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How to know if your exhaust is exhausted.

If you think a car engine is complex, then wait until you find out what goes on inside the exhaust system! Your car's exhaust system uses a combination of chemistry and physics to make it run in a clean, quiet and dignified way.

It's not hard to notice when your car's exhaust system is no longer functioning. Youe can smell it, hear it and often also see it. No-one wants the undignified job of driving a noisy smelly car all the way to the mechanic.

So how do your know when your exhaust is on the way out?

If you're getting regular car services by a reputable mechanic, they will usually pick it up in good time and won't let the exhaust become too exhausted!

But how can you tell if you're looking at buying a used car where you can't know that the previous owner had the car serviced properly? You will need to have the exhaust system thoroughly inspected .

Firstly, you will need to understand how the exhaust system works...

Exhaust gas and sound waves from the combustion engine escape through the exhaust valve and into the manifold or main chamber. Exhaust is a hot gas made up of Carbon monoxide (CO), unburned hydrocarbons (HC), and oxides of Nitrogen (NOX). This stinky stuff is bad for people and the environment.

The exhaust gas and sound waves pass through a pipe into the Catalytic converter where it passes through two ducted ceramic blocks. The first ceramic block contains platinum and rhodium. When the hot toxic gas enters this ceramic block the heat causes a reaction causing the oxides of nitrogen to split into oxygen and nitrogen.

The gas then flows into the second ceramic block which contains platinum and palladium where the carbon monoxide and the unburned Hydrocarbons react with the oxygen creating carbon dioxide (CO2) water vapours (H2O) and Nitrogen (N2).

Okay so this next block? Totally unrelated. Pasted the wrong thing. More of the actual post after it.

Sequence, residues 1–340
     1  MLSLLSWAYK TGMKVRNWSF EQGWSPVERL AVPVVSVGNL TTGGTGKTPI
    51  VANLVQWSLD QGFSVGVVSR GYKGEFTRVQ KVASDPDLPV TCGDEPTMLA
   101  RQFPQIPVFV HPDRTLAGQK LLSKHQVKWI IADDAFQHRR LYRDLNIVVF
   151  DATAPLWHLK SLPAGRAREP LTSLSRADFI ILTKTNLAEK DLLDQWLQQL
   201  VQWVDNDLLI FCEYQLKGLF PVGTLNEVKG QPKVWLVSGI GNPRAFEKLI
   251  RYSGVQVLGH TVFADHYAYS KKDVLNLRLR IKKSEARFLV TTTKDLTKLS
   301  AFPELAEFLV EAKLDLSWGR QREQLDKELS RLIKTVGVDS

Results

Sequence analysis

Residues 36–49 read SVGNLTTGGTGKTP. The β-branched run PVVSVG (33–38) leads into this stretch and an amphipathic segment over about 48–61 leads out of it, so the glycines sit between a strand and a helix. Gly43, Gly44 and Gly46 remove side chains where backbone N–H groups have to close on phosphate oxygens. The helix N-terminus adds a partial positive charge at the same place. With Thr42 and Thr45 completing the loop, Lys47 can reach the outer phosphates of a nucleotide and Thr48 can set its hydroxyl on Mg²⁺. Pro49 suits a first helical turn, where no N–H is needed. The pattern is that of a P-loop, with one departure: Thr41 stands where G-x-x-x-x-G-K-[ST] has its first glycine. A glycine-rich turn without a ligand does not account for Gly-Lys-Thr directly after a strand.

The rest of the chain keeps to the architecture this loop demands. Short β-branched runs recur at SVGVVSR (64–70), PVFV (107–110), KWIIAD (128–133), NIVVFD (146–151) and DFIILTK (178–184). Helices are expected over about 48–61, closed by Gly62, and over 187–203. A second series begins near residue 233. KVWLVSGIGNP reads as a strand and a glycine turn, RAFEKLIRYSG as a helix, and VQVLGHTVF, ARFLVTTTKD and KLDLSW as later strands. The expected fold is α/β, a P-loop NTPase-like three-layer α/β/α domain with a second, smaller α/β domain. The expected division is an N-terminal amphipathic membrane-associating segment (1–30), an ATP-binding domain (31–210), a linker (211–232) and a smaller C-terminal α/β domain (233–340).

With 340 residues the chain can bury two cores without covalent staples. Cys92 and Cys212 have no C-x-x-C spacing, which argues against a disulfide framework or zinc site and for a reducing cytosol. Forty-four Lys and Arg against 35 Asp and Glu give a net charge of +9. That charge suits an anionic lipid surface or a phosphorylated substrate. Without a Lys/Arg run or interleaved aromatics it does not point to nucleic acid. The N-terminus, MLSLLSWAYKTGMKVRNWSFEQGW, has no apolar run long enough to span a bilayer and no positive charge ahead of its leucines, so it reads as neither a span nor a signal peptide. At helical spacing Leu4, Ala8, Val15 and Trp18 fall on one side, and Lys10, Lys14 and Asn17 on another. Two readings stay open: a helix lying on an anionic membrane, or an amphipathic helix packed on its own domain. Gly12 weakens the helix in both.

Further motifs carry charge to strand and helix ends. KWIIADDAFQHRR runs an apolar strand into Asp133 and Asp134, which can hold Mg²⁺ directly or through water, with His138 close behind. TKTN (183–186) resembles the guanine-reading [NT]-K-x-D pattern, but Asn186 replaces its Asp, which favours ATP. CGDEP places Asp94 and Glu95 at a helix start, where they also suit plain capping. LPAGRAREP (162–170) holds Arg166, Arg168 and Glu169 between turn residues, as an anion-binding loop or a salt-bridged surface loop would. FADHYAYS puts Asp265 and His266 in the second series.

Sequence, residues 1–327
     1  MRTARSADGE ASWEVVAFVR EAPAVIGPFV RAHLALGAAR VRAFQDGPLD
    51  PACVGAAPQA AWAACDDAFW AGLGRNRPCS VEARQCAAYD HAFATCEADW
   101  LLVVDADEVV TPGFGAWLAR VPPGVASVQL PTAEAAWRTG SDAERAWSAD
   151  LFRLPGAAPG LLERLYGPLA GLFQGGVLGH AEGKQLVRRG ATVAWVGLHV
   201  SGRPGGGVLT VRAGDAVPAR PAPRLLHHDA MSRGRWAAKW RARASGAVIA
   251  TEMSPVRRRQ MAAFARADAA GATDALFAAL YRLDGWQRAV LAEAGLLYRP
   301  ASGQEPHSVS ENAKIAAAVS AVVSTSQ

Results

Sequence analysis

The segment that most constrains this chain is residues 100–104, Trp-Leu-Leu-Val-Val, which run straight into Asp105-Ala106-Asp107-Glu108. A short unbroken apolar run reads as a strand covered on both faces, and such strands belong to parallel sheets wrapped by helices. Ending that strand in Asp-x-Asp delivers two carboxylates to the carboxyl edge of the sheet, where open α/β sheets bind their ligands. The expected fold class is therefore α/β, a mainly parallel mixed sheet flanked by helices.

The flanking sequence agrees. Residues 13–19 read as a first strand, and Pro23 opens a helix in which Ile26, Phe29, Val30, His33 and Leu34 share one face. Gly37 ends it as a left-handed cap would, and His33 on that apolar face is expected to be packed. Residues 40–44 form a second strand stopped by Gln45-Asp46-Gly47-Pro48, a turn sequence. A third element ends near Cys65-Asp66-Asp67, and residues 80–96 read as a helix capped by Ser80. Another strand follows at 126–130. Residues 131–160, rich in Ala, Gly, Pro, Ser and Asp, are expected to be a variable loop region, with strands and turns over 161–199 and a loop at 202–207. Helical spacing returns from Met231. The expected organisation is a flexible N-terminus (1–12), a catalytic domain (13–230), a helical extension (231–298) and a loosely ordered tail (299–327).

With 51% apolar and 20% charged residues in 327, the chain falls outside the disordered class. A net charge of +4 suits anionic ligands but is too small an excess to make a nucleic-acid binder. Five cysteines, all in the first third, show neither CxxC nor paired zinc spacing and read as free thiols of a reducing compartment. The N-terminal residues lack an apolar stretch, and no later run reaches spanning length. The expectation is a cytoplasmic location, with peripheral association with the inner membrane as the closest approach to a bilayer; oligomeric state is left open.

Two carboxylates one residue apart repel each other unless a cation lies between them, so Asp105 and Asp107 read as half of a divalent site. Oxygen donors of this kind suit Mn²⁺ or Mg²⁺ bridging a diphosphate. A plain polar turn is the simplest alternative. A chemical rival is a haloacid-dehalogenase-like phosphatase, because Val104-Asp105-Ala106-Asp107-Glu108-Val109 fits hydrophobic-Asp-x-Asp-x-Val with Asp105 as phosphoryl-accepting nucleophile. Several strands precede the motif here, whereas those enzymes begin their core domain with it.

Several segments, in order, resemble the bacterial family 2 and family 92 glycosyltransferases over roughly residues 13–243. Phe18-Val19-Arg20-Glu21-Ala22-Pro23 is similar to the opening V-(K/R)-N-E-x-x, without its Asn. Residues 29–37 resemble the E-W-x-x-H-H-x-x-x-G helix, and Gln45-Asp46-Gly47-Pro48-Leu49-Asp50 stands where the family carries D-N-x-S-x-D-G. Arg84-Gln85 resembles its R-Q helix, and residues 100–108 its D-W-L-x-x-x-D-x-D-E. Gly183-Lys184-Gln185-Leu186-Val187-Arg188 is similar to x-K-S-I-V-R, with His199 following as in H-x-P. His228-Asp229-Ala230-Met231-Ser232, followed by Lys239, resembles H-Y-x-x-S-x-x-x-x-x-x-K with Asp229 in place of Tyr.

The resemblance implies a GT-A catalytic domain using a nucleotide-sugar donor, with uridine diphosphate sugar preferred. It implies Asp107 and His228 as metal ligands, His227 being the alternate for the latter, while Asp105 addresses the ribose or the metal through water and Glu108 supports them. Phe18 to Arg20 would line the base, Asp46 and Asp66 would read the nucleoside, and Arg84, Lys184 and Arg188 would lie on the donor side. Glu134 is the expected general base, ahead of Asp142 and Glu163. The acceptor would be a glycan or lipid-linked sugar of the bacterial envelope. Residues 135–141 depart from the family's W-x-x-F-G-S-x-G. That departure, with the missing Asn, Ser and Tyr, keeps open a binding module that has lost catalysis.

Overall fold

This mix of less toxic gas along with sound waves then travels through a pipe and into the aptly named muffler. The muffler consists of multiple expansion chambers.

Within the first expansion chamber is a pipe dotted with holes. Some of the sound waves exit the pipe into the chamber and bounce off the walls of the chamber. When the chamber is full of sound waves there is reduced space and friction which causes the sound waves to crash into each other cancelling themselves out. More intense sound waves travel into the second expansion chamber, which is smaller and bounce against the walls again, causing the same friction and cancelling out effect.

The loudest of the sound waves make it through the first 2 chambers and into the Helmholtz Resonator. Here the sound waves hit the opposite wall of the chamber and bounce back at the same frequency, again cancelling each other out.

The gas and remaining sound waves travel through on last smaller chamber where friction cancels out any last sound waves before exits the system and enters the atmosphere via the tail pipe.

Usually, the first thing to go in an exhaust system is the muffler. If you hear a constant rumbling sound coming from under the car this could be the sign of a failing muffler.

The biggest cause of problems in an exhaust system is corrosion or rust. This can come from outside the system via rain but it also comes from inside the system with the water vapours in the exhaust.

The best way to check your exhaust system is to simply look at it.

If you see rust it might be time to get it looked at by your local mechanic. If you're assessing a used car to buy, then this is a red flag. A professional vehicle inspection will keep us safe from buying a car with an exhausted exhaust system!

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